Energy efficiency ready for the dustbin?
Have the industry efforts so recently begun toward achieving greater energy efficiencies already become passé? Is it already oh-so-five-minutes-ago? Listening to one industry analyst group in particular, one might think that to be the case. According to Frost & Sullivan, “Energy Efficiency was the buzzword of 2008.
Have the industry efforts so recently begun toward achieving greater energy efficiencies already become passe? Is it already oh-so-five-minutes-ago? Listening to one industry analyst group in particular, one might think that to be the case.
According to Frost & Sullivan, “Energy Efficiency was the buzzword of 2008. With high energy prices and the 'green’ movement in full swing, it made economic and social sense to invest in energy saving technologies. Entering 2009, however, the world finds itself in a different economic situation. Energy prices have declined, and the financial crisis leaves companies with little or no capital to spend on investments. In light of these new economic conditions, it is questionable whether the trend toward energy efficiency will continue.”
I realize times are tough (few industries are being brutalized as badly as the publishing industry these days), but has the manufacturing industry reached the point that it’ll step over the dollars available through energy efficiency to pick up pennies while hunkering down and waiting for the economic storm to clear? Knowing that so many things can be done at little or no cost to save energy (see the January and February 2009 Sustainable Engineering features for specifics; also online at www.controleng.com/article/CA6626803.html ), it’s difficult to understand Frost & Sullivan’s reasoning beyond the fact that energy efficiency may no longer be buzzworthy.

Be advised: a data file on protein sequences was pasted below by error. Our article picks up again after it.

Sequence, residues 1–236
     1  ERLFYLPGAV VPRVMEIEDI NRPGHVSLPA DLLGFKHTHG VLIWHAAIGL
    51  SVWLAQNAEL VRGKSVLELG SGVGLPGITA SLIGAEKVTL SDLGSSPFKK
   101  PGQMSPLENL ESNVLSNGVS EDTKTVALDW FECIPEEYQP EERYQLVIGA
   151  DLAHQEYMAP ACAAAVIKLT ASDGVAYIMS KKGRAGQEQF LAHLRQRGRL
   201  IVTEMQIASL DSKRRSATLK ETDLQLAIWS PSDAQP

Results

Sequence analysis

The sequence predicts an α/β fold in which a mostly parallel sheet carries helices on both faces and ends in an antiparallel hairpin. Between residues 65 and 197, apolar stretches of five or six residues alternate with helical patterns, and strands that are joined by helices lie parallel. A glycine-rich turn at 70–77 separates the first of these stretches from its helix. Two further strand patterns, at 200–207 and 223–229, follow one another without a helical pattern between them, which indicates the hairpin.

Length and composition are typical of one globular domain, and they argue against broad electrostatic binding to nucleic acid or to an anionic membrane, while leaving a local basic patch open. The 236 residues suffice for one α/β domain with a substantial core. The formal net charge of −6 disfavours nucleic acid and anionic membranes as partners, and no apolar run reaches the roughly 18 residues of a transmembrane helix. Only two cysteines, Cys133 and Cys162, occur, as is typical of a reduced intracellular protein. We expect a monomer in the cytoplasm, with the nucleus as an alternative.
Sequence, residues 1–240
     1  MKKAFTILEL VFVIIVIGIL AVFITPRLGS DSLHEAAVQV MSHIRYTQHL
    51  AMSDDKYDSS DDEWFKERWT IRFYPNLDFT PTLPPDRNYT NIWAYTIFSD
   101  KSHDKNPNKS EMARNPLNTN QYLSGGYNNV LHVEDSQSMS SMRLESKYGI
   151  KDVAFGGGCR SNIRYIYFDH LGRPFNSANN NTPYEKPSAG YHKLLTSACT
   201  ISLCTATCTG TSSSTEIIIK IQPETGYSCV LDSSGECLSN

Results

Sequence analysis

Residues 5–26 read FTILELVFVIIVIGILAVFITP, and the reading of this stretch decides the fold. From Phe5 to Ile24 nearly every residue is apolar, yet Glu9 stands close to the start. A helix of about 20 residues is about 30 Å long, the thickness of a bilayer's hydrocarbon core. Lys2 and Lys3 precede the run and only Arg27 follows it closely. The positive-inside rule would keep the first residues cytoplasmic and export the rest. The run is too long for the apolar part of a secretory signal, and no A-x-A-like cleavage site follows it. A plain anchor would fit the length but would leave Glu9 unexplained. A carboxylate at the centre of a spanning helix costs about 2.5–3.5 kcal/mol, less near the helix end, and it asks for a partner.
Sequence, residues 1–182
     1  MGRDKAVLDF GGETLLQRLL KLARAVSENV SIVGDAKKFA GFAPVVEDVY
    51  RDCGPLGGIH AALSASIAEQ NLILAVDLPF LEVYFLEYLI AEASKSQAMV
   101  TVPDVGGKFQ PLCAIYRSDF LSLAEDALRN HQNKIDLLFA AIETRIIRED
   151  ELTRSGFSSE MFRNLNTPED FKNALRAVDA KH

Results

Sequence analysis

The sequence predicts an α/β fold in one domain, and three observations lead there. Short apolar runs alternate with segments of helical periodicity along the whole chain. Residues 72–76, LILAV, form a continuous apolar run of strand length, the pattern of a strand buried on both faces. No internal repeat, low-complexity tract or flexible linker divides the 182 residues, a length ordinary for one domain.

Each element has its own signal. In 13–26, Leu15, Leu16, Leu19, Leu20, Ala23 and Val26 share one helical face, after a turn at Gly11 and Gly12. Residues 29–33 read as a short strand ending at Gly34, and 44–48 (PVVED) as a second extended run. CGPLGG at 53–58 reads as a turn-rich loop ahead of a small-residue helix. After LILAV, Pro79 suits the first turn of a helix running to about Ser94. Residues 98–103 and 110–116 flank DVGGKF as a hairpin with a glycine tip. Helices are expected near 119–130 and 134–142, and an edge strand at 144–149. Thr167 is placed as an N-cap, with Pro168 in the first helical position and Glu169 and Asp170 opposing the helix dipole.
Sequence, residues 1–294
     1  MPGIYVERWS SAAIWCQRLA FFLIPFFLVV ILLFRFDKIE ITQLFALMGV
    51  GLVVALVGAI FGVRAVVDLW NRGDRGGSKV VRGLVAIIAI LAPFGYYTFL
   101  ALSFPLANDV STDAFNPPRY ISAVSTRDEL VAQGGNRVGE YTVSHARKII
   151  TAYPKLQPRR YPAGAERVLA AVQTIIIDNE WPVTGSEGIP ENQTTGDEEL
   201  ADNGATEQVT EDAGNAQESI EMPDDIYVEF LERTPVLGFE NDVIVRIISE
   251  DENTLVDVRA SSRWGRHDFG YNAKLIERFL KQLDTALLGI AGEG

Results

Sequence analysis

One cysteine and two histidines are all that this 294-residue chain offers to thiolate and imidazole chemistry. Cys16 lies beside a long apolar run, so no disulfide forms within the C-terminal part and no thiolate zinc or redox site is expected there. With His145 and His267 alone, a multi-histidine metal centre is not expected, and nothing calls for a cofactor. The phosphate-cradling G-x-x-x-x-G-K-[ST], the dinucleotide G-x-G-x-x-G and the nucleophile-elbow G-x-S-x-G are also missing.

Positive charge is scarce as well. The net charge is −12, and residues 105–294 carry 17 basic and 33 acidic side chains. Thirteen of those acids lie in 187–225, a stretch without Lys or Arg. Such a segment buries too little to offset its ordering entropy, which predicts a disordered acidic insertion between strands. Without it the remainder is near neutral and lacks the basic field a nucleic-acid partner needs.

Moving beyond that status would actually be a good thing, as energy efficiency is much more about practical money savings than about buzz.
If you’re still uncertain about the dollars that can be saved through a focus on energy efficiency, consider some of these stats provided by Rod Ellsworth, Infor’s vice president of EAM (enterprise asset management):
For every dollar spent on maintenance, manufacturers spend 5-6 times that on energy.
Energy is largest contributor to greenhouse gas emissions.
Energy represents 60% of operations and maintenance costs.
40% of the global electricity used is consumed by industry.
A 100 hp motor that costs $10,000 to purchase can cost as much as $150,000 over 5 years running at 94% efficiency (and we all know that 94% efficiency is a rarely achieved goal).
Ellsworth shared this information last month at Plant Engineering ’s Manufacturing Summit in Charleston, S.C., (disclosure: Plant Engineering is a sister publication of Control Engineering ). This handful of statistics alone underscores the massive amount of money that can be saved by a focused energy efficiency plan in a plant of any size.
With engineers squarely at the center of the discussion, where do you stand on this issue? Has energy efficiency officially become a thing of the past already?
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2012 Salary Survey
In a year when manufacturing continued to lead the economic rebound, it makes sense that plant manager bonuses rebounded. Plant Engineering’s annual Salary Survey shows both wages and bonuses rose in 2012 after a retreat the year before.
Average salary across all job titles for plant floor management rose 3.5% to $95,446, and bonus compensation jumped to $15,162, a 4.2% increase from the 2010 level and double the 2011 total, which showed a sharp drop in bonus.